It’s little wonder that Lebanon has two bars in the World’s 50 Best List viz., Central Station and Electric Bing Sutt. A crowdfunding campaign for the latter is already making waves around the world and popularising the bar culture of Beirut.

I have a few other suggestions for a great bar hopping session for anyone who wants to enjoy Beirut’s vibrant bar culture and would highly recommend checking out places such as Ferdinand, Ales and Tales, Anise, The Jerry Thomas Experience, Salon Beyrouth and Vagabond.


Lebanon produces much of its own fruits and vegetables, thanks to favourable climatic conditions

After working in Dubai where the locals don’t do menial jobs, Lebanon was a breath of fresh air. The weekday starts on Monday and not Sunday as it is with most Middle Eastern countries. People are hard-working and entrepreneurial. After some years, most bartenders go on to open their own bars.

Lebanon is also blessed with good weather and doesn’t have to import fresh produce. Their fruits and vegetables are produced in the country itself and helps restaurants and bars create the best fresh experience for patrons.

Because of its Roman past, viticulture is also practiced extensively with 55 wineries spread across the country. Lately, there have also been local gin, whisky and arak producers and a new wave of craft beer across Lebanon. All of which bodes well for the country’s drinking culture going forward.


The August 4 blast took the wind out of the hospitality industry in Beirut. It happened around the time when most bars were prepping for service before opening up and I’ve heard all the establishments were impacted in the five to ten-kilometre radius with shattered glass, doors blown away and broken frames. From smaller outlets all along Mar Mikhael and Gemmayze streets to historic hotels like Phoenicia Beirut that was a battlefield during the Lebanese Civil War in 1975-90, survived a bombing assassination on ex-Prime Minister Rafik Hariri and has to now deal with the aftermath of the explosion.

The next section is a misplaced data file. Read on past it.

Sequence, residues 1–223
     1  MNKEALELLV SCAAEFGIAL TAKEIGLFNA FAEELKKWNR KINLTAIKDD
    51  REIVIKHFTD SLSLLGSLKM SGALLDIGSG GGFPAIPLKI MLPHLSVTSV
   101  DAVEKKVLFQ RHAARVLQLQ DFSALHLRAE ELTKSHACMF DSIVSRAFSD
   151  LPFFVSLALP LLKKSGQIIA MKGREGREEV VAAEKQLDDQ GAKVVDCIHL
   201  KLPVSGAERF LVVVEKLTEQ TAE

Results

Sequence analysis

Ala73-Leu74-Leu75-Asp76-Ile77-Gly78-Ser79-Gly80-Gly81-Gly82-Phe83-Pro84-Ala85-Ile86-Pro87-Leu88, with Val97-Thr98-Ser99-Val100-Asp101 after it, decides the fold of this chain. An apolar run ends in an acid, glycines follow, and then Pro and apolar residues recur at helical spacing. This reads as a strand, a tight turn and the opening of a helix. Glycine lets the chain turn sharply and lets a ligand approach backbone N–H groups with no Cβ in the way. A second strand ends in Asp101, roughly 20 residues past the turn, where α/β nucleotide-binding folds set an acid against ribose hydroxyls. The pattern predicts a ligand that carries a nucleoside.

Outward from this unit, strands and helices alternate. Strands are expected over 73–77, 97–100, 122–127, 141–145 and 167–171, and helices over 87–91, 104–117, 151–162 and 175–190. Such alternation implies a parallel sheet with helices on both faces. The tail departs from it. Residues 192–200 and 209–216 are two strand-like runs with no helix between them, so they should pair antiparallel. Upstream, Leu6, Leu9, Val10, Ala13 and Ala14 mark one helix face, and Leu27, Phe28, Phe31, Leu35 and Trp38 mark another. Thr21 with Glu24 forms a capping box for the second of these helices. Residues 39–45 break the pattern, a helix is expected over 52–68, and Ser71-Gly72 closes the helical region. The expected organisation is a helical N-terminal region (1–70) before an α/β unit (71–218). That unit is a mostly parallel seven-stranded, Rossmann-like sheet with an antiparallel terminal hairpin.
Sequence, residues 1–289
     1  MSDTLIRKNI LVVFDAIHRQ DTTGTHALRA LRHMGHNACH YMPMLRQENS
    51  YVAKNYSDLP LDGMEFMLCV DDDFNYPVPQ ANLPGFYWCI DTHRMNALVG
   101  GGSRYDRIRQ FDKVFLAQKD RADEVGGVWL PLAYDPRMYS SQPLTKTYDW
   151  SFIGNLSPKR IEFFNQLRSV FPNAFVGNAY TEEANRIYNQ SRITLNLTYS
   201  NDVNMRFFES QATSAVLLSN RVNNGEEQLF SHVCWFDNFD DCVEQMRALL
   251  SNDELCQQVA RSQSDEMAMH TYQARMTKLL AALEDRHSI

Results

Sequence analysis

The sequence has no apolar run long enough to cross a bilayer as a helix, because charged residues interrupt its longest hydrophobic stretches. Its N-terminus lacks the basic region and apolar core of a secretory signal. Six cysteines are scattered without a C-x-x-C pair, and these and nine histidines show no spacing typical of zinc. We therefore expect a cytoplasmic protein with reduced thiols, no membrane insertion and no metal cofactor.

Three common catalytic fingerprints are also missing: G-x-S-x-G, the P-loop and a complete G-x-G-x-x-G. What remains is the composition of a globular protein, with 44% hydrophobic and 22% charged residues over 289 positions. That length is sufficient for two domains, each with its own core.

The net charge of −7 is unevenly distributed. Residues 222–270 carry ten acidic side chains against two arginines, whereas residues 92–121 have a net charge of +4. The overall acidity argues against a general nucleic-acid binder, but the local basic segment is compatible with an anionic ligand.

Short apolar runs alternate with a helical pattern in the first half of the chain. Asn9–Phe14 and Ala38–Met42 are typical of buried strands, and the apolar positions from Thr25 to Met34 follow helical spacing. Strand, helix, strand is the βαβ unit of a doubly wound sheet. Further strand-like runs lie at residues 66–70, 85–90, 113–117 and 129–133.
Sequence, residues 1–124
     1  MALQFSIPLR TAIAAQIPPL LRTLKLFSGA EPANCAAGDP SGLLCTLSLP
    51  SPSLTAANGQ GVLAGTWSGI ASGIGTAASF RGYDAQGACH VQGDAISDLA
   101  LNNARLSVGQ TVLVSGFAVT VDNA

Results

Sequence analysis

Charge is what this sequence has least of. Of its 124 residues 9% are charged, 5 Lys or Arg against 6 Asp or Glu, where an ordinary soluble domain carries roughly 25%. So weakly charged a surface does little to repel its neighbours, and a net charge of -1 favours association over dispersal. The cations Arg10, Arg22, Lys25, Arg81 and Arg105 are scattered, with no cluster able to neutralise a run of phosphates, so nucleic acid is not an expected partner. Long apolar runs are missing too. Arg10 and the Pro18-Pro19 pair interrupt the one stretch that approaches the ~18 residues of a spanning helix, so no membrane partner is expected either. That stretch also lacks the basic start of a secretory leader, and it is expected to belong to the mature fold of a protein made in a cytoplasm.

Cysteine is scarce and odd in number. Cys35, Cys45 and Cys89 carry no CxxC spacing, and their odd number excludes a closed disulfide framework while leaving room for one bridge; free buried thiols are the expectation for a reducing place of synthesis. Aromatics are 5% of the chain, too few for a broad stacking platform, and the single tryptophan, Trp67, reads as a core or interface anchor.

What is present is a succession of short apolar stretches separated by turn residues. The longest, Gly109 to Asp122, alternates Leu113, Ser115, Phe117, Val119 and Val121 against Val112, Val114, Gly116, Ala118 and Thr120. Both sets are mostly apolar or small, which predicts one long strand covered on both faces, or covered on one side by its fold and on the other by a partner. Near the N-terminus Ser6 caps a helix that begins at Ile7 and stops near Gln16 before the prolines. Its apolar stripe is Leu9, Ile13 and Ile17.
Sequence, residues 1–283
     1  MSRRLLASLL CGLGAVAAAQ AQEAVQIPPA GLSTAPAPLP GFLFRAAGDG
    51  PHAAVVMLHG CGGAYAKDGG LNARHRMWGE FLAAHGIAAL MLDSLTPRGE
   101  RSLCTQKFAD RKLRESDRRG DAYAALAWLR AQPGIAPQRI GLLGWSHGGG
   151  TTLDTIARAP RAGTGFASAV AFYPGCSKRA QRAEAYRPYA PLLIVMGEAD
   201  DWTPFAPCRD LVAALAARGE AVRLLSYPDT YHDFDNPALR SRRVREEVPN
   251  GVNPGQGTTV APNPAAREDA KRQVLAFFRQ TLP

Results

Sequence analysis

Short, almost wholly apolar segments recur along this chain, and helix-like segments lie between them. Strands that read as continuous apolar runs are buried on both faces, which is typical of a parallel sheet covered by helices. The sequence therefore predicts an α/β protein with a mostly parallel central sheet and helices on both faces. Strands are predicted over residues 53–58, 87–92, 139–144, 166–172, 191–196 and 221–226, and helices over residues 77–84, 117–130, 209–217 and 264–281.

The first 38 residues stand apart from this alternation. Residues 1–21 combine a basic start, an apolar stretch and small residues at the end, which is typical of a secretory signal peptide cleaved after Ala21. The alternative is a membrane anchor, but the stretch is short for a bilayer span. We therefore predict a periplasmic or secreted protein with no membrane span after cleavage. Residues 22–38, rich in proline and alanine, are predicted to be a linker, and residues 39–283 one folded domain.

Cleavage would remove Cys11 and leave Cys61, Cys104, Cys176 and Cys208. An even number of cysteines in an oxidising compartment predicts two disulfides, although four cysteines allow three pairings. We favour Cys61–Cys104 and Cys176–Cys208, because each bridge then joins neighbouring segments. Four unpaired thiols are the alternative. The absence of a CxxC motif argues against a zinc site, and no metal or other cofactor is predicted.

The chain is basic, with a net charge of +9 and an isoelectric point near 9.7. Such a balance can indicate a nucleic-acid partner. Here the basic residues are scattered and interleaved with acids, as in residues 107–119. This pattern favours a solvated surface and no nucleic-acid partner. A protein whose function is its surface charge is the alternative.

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I also learnt of casualties when the roof of Amelia Bar collapsed on an employee while many others suffered major injuries. Not a single bar escaped the blast completely.


I learned bartending from Shatbhi Basu’s Stir academy and was lucky enough to join China House at Grand Hyatt that was frequented by celebrities and VIPs back in 2007. I was even luckier to have Manoj Jangid as my team leader who pushed me to join bartending competitions early on.

I was 22 back then and quite an introvert so this was a big step for me. I joined Bacardi Martini Grand Prix in 2009 and after winning the nationals, I went to Italy where I was the second runner-up. Jangid’s trainer was none other than Giancarlo Mancino, the owner of Mancino vermouth and many other beverage brands. The stint opened my eyes to the possibilities of the bartending world.

I joined other competitions and in 2011 even did a guest shift in Hong Kong much before the concept was as well known as it is today. I had also risen up the ranks and become team leader in less than three years when I got an offer to go to Dubai and work for a luxury hotel company.

In 2013, I joined the Fairmont Hotel in Palm Jumeirah and immediately upgraded my knowledge from cocktails like Margaritas, Mojitos, Caipirinhas, Cosmopolitans and Apple Martinis that were popular in India. This gave me an international edge and pretty soon I was looking at job offers from Lebanon as detailed above.


I left in February 2020 and returned to India because of the economic crisis in Lebanon. The August 4 explosion will test the country even further. But I know the country will rise again with the help of my friends who are doing everything they can to get back on their feet as soon as possible. When that happens, I will go back and meet each of them in one of the best Middle Eastern cities that you can ever think of visiting.

(As told to Priyanko Sarkar)

Mohammed Al-Amin mosque picture by Marten Bjork and Fresh fruits picture by Peter Feghali from Unsplash